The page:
Directory Academic Home Home  
WebMail Muskie Link Blackboard  
Academics Home Page
Admissions Home Page
Registrar
History Home
Program Mission & Goals
About the Faculty
Course Descriptions
Major/Minor Requirements
History News
Spotlight
Career Opportunities
Phi Alpha Theta
Graduate Studies
Senior Seminar Topics
Academic Guidance
Contact Us
History FB group link
 
Logo The content below is information specific to this academic department's fields of interest.

Amy K. Bosworth: Courses




HIST 111: Emergence of the Modern World I - Surveys selected aspects of World History from the fourteenth to eighteenth centuries. Traces the political, economic, intellectual, and cultural institutions and trends of various world societies of Asia, Africa, the Middle East, Europe, and the Western Heritage.

HIST 310: Ancient History - Provides an overview of the history of western civilization between c.4,000 BCE and 500 CE. Topics include political institutions, belief/religion, intellectual culture, interactions between societies, and daily life in Mesopotamia, Egypt, Greece, and Rome. It also traces the transformation from Antiquity to the Middle Ages and the role of the so-called barbarians in this transition.

HIST 312: Early Middle Ages (c.500-1000) - Examines the history of the early Middle Ages from c.5000-1000. It considers whether this era was a “Dark Age” of chaos and catastrophe or a time of transformation and creativity. Topics covered include the creation of the barbarian kingdoms, the Carolingian Empire, the Vikings, intellectual culture and reform, the influence of Christianity, religion, and the cult of saints, gender roles, and daily life. Emphasis is placed on Western Europe, but the Byzantine Empire and the Muslim world are also discussed.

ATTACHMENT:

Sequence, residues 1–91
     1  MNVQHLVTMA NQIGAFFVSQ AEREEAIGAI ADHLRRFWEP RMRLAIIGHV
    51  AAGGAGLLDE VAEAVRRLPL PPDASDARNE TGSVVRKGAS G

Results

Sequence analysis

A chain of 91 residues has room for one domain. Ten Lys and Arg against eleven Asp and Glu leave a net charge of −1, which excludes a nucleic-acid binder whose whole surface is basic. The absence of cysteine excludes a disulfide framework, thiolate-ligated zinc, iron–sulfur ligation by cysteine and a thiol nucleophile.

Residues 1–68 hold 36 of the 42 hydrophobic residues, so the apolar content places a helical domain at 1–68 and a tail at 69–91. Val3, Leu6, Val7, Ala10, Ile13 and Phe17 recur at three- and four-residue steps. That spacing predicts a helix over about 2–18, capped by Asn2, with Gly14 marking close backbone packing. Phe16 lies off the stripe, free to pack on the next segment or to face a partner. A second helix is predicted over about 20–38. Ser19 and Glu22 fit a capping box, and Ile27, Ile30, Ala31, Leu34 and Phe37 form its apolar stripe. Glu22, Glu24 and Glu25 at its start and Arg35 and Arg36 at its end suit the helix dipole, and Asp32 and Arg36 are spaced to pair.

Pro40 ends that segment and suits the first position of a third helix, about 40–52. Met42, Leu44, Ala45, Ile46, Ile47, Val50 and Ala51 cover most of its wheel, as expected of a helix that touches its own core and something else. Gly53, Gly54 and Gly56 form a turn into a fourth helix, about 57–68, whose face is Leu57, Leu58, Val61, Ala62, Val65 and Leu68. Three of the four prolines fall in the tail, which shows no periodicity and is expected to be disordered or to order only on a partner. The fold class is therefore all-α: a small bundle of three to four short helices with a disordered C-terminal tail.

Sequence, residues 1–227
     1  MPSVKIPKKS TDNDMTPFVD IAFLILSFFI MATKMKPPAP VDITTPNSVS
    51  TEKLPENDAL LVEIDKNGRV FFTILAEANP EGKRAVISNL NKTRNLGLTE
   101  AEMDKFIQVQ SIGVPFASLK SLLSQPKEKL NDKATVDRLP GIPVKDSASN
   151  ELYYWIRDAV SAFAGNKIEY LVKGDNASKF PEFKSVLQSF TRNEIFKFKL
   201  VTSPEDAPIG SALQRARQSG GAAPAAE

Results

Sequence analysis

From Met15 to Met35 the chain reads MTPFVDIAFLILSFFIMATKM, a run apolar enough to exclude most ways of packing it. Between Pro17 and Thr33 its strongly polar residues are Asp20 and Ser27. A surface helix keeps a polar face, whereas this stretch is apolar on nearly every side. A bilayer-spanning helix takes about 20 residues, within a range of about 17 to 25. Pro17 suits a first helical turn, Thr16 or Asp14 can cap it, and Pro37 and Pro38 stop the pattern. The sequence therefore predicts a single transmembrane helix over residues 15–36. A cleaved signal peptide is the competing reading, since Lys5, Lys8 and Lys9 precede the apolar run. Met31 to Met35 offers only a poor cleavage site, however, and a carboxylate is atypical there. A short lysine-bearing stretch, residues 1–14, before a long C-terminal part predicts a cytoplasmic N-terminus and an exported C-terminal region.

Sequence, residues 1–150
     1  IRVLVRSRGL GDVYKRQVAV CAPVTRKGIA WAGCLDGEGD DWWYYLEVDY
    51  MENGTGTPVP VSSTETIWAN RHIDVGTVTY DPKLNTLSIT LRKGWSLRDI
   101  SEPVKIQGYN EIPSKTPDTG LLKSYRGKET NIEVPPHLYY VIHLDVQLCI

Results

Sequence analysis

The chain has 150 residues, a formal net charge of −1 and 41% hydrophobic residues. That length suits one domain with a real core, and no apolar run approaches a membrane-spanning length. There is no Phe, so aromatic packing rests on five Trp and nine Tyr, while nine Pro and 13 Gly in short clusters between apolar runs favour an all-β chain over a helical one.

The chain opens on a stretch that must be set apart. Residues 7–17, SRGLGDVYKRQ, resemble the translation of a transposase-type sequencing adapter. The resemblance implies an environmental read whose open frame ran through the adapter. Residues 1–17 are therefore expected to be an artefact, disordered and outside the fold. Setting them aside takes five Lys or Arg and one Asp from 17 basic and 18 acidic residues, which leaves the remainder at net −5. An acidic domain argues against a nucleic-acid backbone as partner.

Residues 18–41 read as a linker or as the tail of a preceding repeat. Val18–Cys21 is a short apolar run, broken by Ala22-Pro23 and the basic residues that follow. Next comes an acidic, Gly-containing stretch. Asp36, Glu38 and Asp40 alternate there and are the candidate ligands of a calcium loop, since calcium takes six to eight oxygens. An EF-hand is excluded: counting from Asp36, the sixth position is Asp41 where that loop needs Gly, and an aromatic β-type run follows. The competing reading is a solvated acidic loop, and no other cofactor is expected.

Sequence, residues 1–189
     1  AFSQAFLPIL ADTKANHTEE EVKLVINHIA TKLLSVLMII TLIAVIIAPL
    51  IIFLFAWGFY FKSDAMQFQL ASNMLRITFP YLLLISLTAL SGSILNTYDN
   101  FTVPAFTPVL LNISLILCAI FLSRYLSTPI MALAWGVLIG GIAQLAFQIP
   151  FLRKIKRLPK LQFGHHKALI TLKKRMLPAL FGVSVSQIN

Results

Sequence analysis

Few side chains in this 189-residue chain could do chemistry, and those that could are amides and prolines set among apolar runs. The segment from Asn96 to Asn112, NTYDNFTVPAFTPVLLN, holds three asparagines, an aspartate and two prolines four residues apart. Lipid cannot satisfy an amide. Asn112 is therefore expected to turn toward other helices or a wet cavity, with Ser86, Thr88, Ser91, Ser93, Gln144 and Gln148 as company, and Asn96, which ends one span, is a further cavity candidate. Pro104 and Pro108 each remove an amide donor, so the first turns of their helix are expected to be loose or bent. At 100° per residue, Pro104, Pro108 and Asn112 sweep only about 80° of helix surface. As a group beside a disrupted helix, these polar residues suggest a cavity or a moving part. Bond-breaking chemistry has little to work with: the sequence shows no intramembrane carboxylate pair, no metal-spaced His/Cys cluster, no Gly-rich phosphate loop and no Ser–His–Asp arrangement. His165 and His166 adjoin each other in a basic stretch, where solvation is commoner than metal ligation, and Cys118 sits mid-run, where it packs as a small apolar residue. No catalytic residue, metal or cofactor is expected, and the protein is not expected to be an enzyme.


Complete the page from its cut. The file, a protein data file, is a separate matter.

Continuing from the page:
HIST 313: Later Middle Ages (c.1000-1500) - Examines the history of the later Middle Ages c.1000-1500. Emphasis is placed on France, Germany, Italy, England, and Iberia. Topics include the growth of cities, the creation of universities, the crusades, monastic and Church reform, the papacy, religious expression and heresy, changing gender roles, and interactions between the West, the Byzantine Empire, and the Muslim world. The impact of the Black Death, the Renaissance, and the transformation from the medieval to modern world are also covered.

HIST 317: Women in the Middle Ages - Examines the experiences of women in the Middle Ages (c.500-1500) and how their roles in society changed over the course of a thousand years. Topics covered include family life, motherhood, marriage, religion, expressions of piety, public and private power, education, and work. Emphasis is placed on Western Europe.

HIST 420: Readings in History - Permits students to explore historical topics in depth under the direction of a faculty member. Prerequisite: junior or senior history majors or permission of the instructor. Recent topics include religion in the Middle Ages, the Crusades, and the “Dark Ages.”

HIST 460: History Research Seminar - Emphasizes methodological and bibliographical research techniques in the discipline of history. Students research and write on specific topics to meet acceptable standards of historical analysis and style. Prerequisite: junior or senior history majors or permission of instructor.